Google Doodle today honored the Silent Parade of 1917 in New York City to protest the violence and murders of black people. It was in response to the brutal and barbaric mob attacks by white unionists now known as the East St. Louis Riots spurred on by fear-mongering rhetoric at trade union meetings. Although it is unclear how many people died in the riots – various sources put it as low as 40 or as high as 200; 6000 African-Americans were left homeless and it was clear that authorities has utterly failed to control the mobs or protect the innocent.
Click on the screenshot to go to the Doodle.
Around 10,000 people joined the march, as Wikipedia notes: “They hoped to influence Democratic President Woodrow Wilson to carry through on his election promises to African American voters to implement anti-lynching legislation, and promote Black causes. Wilson did not do so and repudiated his promises. Federal discrimination against African Americans increased during Wilson’s presidency”.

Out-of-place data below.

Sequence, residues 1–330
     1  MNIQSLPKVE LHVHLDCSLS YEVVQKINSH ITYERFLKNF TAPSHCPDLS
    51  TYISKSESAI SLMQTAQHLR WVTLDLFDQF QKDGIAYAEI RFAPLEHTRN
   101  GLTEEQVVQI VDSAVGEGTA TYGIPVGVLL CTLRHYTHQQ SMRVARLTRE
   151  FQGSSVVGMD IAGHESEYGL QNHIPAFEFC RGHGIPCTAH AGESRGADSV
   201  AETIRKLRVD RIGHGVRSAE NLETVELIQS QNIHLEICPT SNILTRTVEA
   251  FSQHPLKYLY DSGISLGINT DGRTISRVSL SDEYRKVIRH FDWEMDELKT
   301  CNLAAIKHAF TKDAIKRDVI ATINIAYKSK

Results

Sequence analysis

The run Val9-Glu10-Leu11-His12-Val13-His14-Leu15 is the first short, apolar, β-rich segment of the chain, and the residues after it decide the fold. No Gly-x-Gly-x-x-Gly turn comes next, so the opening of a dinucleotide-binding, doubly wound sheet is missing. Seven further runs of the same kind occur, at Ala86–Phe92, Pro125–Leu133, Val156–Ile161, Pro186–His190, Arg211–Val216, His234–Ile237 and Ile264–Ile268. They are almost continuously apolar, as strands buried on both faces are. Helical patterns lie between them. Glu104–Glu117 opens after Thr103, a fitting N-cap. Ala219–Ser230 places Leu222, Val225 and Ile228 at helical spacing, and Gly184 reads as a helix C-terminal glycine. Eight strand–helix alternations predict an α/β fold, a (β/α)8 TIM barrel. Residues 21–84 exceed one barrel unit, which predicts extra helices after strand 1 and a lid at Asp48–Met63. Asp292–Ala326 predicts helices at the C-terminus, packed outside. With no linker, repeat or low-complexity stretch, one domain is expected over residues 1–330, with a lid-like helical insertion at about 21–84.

Things have gotten better in the intervening century, but current tensions betray it is clearly not nearly enough.